Have you ever heard someone refer to Our Lady as “The New Eve” and wonder what they were talking about?
To find out why Catholics refer to Mary as the New Eve, we have to start at the very beginning: Genesis. Eve, the wife of Adam, became the "mother of all the living," we read in Genesis 3:20. Because of Adam and Eve's disobedience to God, sin and death entered the world, and all of Eve's children are born in original sin.
But Mary’s role in salvation history beautifully illustrates how God makes all things new. Through the obedience of Mary, the handmaid of the Lord, Jesus Christ entered the world as man to reverse the disobedience of Adam and Eve.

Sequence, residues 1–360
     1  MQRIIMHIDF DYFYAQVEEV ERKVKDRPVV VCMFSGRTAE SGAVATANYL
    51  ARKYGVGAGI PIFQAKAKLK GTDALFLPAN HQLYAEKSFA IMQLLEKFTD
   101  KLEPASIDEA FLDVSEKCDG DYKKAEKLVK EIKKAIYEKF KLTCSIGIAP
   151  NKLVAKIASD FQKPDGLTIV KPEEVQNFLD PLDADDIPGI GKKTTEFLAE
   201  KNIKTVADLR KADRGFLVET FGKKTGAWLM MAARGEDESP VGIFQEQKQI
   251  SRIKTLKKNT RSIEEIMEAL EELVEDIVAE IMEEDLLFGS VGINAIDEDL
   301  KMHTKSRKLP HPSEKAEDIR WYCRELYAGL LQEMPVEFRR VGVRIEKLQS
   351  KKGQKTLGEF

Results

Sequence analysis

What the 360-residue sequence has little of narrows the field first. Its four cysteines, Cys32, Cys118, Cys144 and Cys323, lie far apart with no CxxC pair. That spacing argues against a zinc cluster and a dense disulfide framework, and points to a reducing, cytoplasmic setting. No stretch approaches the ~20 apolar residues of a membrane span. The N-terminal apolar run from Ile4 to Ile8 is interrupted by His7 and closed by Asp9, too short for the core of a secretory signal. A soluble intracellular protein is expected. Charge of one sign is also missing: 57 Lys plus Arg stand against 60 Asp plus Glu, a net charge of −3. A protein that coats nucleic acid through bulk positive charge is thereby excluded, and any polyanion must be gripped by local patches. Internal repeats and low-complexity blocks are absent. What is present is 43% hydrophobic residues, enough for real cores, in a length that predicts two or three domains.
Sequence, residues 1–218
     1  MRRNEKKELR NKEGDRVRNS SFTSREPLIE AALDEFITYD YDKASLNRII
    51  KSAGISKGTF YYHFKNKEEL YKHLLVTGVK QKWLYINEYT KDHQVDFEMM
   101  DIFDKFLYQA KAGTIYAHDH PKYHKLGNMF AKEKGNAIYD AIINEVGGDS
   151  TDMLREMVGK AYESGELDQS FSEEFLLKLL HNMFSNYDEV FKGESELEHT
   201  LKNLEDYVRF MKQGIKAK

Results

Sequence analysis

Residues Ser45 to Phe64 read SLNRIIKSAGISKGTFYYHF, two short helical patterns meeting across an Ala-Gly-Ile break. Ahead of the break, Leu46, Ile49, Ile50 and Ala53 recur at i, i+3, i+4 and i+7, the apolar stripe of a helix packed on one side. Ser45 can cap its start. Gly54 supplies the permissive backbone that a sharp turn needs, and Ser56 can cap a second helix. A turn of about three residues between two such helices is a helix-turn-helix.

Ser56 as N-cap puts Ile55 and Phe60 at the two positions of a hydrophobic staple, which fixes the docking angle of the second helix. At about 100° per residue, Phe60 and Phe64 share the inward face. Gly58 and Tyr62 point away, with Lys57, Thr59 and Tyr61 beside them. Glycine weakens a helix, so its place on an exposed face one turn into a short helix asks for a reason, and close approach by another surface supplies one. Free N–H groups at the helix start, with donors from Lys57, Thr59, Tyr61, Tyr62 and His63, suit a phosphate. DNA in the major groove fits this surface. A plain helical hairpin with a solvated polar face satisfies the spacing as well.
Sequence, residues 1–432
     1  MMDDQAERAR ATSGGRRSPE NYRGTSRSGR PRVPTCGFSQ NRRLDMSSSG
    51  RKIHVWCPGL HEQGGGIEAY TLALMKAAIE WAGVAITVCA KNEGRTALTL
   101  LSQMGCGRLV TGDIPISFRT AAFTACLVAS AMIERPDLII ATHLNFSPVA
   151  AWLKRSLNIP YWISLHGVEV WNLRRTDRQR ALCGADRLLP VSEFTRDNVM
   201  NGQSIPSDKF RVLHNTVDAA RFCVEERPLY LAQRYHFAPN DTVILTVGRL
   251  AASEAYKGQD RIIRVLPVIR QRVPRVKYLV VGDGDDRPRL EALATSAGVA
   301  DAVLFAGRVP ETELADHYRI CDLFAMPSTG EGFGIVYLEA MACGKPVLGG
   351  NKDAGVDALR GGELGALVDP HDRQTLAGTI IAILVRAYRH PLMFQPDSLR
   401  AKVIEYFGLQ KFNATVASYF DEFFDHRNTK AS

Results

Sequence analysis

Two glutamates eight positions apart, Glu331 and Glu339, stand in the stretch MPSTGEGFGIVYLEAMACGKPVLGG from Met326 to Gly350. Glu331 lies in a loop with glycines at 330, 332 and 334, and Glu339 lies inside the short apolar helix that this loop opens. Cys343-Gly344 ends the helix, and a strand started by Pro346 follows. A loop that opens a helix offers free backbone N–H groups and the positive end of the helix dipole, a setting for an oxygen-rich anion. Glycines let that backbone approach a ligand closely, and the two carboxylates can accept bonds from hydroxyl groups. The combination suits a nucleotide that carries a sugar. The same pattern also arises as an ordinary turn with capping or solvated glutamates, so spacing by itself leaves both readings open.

So not only can we call Mary the “New Eve,” we can consider Christ the "New Adam."
Christ, the Son of Mary, offers a new life of grace to all who believe in Him. All who accept Christ's invitation become His brothers and sisters, and become the spiritual children of Mary, the New Eve.
Many Fathers of the Church clearly saw the connection between Eve and Mary, and would frequently claim: "death through Eve, life through Mary."
Much more recently, Pope Paul VI wrote in his Credo of the People of the God in 1968: "We believe that the Holy Mother of God, the New Eve, Mother of the Church, continues in heaven to exercise her maternal role on behalf of the members of Christ."